3. The article says that the “soon-to-be developed farmland across Ginninderry is littered with culturally significant Indigenous sites”.

The heritage background of the site is very rich and has been recorded in a series of technical studies by consultants with expertise in Aboriginal and European archaeology and anthropology.

Heritage legislation requires that Aboriginal heritage reports which identify sites and objects of heritage significance must remain confidential to ensure that the sites and objects are not interfered with or damaged, consequently these reports are not publicly available. In consultation with all relevant Aboriginal stakeholder groups, all sites that have been determined, to be of such significance as to warrant preservation, will be preserved. These sites are largely within the conservation corridor and those beyond this area, will be preserved in any case.

The Ginninderry Aboriginal Advisory Group has also been specifically established to advise the project on planning and management arrangements for these sites. Based on their advice, the conservation corridor was expanded (at the expense of development area) to incorporate additional significant sites at two different locations.

4. The article says: “The soon-to-be developed farmland across Ginninderry is ……., home to the protected Pink-tailed worm-lizard as well as other native flora and fauna”.

It is correct to say that all of the site is currently farmland, with no environmental protection measures in place. Virtually all of the Pink-tailed worm lizard habitat and all of the box-gum woodland habitat will be included within the reserve and, from now, will receive the highest levels of protection and restoration.

5. A quote attributed to Mr. Cummings is as follows: “Mr. Cummings couldn’t say how much they expected the trust to raise but eventually running costs will be at $2 million a year by 2023.”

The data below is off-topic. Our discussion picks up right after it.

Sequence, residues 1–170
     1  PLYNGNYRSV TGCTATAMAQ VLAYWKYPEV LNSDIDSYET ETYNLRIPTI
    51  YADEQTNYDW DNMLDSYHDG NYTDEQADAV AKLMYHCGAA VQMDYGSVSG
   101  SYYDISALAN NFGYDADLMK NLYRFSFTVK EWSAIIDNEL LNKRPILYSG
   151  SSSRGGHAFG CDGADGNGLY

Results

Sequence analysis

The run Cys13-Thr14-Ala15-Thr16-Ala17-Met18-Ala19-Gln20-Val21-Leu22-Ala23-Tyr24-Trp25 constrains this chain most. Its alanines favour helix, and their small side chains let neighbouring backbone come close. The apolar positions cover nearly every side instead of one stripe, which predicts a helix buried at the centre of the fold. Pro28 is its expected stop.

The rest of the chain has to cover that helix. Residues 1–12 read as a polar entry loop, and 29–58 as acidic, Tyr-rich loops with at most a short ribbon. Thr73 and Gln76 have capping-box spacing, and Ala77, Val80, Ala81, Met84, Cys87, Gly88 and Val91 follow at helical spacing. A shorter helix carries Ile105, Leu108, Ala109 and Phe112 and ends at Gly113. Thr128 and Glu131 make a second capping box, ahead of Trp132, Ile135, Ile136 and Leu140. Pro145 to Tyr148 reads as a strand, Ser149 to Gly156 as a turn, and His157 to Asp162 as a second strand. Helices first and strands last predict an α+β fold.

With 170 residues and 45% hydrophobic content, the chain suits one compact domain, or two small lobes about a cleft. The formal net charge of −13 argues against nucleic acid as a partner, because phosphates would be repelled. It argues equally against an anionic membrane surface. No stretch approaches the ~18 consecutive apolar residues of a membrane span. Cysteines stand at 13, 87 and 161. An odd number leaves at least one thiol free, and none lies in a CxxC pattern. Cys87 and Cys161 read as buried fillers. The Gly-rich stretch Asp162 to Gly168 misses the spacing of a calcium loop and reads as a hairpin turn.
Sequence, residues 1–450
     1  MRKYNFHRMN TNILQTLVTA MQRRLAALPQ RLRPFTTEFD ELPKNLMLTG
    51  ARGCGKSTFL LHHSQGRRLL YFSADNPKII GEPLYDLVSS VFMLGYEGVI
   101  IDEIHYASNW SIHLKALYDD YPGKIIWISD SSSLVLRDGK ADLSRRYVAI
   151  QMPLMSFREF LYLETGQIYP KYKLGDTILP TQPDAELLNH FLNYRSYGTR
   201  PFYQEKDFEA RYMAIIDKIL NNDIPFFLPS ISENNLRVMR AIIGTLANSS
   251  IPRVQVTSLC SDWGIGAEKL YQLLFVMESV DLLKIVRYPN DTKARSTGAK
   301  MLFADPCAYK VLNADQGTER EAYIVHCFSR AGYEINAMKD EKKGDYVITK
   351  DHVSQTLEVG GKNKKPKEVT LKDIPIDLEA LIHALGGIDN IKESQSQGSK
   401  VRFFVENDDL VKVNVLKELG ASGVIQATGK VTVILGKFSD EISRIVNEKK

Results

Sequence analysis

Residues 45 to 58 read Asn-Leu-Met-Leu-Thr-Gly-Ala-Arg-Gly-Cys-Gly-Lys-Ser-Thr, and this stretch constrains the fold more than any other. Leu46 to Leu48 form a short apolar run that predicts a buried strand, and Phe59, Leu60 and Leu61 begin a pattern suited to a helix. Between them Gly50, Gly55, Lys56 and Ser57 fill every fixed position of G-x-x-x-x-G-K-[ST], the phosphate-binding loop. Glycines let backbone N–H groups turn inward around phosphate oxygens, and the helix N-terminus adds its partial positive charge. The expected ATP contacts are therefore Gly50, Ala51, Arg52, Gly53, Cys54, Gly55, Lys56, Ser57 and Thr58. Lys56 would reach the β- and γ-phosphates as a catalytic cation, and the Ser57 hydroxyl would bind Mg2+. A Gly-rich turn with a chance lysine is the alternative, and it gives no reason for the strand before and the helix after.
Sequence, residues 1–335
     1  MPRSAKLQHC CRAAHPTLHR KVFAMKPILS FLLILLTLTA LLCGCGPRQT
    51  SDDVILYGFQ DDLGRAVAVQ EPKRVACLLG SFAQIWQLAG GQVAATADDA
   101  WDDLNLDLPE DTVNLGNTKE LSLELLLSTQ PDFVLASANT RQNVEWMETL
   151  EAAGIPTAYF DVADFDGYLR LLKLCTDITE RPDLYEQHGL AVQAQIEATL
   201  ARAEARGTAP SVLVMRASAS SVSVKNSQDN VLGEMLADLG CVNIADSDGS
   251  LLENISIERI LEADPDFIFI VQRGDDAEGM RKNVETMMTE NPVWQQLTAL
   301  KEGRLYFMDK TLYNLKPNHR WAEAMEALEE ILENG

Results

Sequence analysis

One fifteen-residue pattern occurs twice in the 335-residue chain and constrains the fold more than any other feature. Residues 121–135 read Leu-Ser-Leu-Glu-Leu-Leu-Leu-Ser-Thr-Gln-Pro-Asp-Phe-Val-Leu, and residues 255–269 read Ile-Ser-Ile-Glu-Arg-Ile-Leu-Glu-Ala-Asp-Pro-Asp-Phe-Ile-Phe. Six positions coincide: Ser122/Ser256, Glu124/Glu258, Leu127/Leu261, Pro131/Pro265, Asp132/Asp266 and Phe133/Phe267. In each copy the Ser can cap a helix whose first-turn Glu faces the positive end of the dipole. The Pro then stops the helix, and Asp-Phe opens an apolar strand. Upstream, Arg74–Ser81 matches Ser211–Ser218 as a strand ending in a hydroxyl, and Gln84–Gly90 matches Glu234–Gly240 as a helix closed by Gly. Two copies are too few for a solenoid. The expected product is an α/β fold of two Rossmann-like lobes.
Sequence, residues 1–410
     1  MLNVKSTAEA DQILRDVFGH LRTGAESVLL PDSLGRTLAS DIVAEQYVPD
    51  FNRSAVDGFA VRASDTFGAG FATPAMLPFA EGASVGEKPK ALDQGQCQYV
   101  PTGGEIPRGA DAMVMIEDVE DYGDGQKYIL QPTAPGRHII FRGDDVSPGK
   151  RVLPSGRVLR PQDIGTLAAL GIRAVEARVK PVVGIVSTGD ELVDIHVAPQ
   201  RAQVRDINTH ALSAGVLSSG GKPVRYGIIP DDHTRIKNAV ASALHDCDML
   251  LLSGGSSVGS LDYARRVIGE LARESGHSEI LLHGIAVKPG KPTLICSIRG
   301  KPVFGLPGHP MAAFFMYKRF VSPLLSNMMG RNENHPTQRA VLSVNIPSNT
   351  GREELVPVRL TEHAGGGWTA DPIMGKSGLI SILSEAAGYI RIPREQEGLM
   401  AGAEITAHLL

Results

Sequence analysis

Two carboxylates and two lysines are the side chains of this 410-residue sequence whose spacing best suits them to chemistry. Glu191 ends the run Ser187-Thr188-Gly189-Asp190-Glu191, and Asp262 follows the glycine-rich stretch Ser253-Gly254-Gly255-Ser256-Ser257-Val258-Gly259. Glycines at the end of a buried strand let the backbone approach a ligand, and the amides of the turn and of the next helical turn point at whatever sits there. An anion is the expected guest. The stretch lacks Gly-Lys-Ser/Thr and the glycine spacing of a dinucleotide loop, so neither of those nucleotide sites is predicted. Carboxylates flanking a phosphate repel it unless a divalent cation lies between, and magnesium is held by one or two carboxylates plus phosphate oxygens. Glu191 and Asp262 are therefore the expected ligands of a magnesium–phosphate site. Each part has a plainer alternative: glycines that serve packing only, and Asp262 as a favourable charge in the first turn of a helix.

To clarify, the reserve running costs are ultimately expected to be approximately $2m per annum (in todays dollars). The funding arrangements that have been agreed will ensure that this funding is available to the Trust in perpetuity.

6. The article says that “The ACT side will consist of two suburbs, Strathnairn and Macnamara”.

This is incorrect as there are plans for three ACT suburbs. Strathnairn and Macnamara, have so far been named with the third yet to be released by ACT Place Names Committee.

7. The article says that: “The Strathnairn development put up 200-metre buffer zone around a Little Eagle nesting place after conservationists raised concerns.

This statement is untrue on two counts.

Firstly, the 200 metre clearance zone was put in place by way of a variation to the Territory Plan, implemented by the Environment Planning and Sustainable Development Directorate, acting on the advice of their Wildlife Research Unit. The Plan Variation (#351) was approved by the Minister for Planning and subject to the endorsement (as a disallowable instrument) of the Legislative Assembly. The fact that the “Strathnairn development” (presumably Ginninderry) was involved in discussions with EPSDD and the Wildlife Research Unit should not be surprising as it is an affected landowner, but it had no say in the decision to impose the control in the Territory Plan.

Secondly, the buffer was not implemented “after conservationists raised concerns”. On becoming aware of the presence of the eagle, Ginninderry immediately referred the matter to the Wildlife Research Unit.

8. The article says that “In 2016, an ecologist warned Canberra’s urban sprawl was forcing the vulnerable bird from its native habitats in the capital..”.

The impact of “urban sprawl” on the eagle was not well understood up to 2016. Since that time the Little eagle research project which includes participation from the ACT Wildlife Research Unit, the University of Canberra, CSIRO, Ginninderry and several individual raptor experts, has amassed a body of data that demonstrates conclusively that eagle numbers are much higher in the ACT (including adjacent to urban areas) than was first thought, and that their behaviour does not seem to be greatly influenced by urban development.

9. The article quoted the “ecologist” as saying: “while Ginninderry had got an exemption for an environmental impact statement, it was only because of the amount of work done to prop up the environmental values of the area.”

The source of this statement is unclear. The Ginninderry project team would welcome the opportunity to meet with the ecologist quoted and clarify the situation and facts.

Back to top